Coping strategies for COVID-19 stress

Lisa Merlo, Ph.D., M.P.E, discusses the importance of mental well-being during the pandemic

By: Emily Mavrakis
Lisa Merlo Greene, Ph.D. Lisa Merlo, Ph.D.
  1. Feeling angry toward loved ones, patients and strangers who aren’t taking COVID-19 seriously or getting vaccinated is a normal human response. How we respond to that anger has an important impact on our well-being.

  2. Righteous anger using your emotions to motivate action is a healthy response, whereas resentment destroys people’s ability to cope and feel better.

  3. Sometimes events happen that are out of your control. Radical acceptance of one’s circumstances — acknowledging the reality of the situation without judgment or wishful thinking — can help health care workers and others remain focused on what they can do and keep them from becoming overwhelmed.

  4. Physicians are compassionate people but often set high expectations for themselves and judge themselves harshly. Take self-compassion breaks by taking a few deep breaths or placing your hand over your heart. Notice your breath along with the pressure and warmth from your hand. Remind yourself that this is a challenging time for everyone and that you deserve some grace as you try to do your best — whatever your best may be in that moment.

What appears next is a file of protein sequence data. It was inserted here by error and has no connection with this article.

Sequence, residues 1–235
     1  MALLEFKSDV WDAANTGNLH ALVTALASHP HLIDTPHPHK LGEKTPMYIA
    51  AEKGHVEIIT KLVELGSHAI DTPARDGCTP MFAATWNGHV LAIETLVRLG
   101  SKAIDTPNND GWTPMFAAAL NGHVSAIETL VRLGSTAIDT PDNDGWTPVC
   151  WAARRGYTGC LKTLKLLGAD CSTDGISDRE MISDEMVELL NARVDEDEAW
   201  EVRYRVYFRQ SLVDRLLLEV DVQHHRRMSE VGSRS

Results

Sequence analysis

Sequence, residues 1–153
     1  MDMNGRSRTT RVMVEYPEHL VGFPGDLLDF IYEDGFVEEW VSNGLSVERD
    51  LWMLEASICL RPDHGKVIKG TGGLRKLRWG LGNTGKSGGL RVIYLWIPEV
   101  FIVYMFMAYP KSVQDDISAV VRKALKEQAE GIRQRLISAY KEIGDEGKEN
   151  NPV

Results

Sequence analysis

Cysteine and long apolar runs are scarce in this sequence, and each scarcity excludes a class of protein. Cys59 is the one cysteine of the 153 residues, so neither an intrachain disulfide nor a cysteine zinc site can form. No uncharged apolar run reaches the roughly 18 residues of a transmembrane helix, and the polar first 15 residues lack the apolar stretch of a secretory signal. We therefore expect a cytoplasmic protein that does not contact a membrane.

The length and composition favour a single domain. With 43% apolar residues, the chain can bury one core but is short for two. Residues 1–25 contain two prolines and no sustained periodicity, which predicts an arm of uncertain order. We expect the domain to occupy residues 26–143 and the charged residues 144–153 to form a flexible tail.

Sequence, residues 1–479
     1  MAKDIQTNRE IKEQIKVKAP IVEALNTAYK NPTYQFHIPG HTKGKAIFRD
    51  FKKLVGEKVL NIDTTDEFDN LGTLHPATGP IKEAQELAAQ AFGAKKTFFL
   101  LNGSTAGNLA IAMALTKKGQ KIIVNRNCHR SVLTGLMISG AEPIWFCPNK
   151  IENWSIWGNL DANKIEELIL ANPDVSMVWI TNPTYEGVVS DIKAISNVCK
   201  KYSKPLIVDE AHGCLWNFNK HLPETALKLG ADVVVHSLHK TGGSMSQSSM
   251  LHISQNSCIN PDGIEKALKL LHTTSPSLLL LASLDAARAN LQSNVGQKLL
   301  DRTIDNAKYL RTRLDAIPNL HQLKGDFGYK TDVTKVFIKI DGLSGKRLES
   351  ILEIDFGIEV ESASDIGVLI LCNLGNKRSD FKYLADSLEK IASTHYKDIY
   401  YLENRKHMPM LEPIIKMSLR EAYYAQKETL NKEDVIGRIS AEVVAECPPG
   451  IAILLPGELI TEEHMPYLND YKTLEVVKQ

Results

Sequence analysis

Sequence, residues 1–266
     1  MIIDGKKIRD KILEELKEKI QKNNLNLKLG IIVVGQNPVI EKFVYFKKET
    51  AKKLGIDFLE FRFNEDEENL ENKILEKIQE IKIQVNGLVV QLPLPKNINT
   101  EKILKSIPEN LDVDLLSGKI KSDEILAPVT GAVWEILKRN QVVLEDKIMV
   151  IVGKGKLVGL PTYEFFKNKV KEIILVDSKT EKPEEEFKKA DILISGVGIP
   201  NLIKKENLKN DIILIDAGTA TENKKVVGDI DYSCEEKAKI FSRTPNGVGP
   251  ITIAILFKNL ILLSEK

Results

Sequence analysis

5. Practice healthy forms of coping. Problem-focused coping methods deal with a stressor directly and involve finding a solution to an underlying issue. This is only helpful when a stressor is within your control. Emotion-focused coping involves changing your response to a stressful situation and finding a way to live with it. This isn’t something you have to do alone — seeking support from friends, family, colleagues and professionals can be helpful.

  6. Forgiveness has important positive mental and physical effects for the forgiver. This does not mean someone’s bad behavior or rudeness toward you should not be addressed and possibly disciplined, but trying to understand why the person hurt you can change your perspective in a way that helps you to heal and move forward.

  7. Recognize when you have to call it. Rather than pushing yourself past a breaking point, acknowledge when you’ve reached your limit and respond accordingly. Taking a break or requesting backup and reinforcements when needed are signs of professionalism and will allow you to return to functioning effectively much sooner while minimizing risk of harm to yourself and your patients.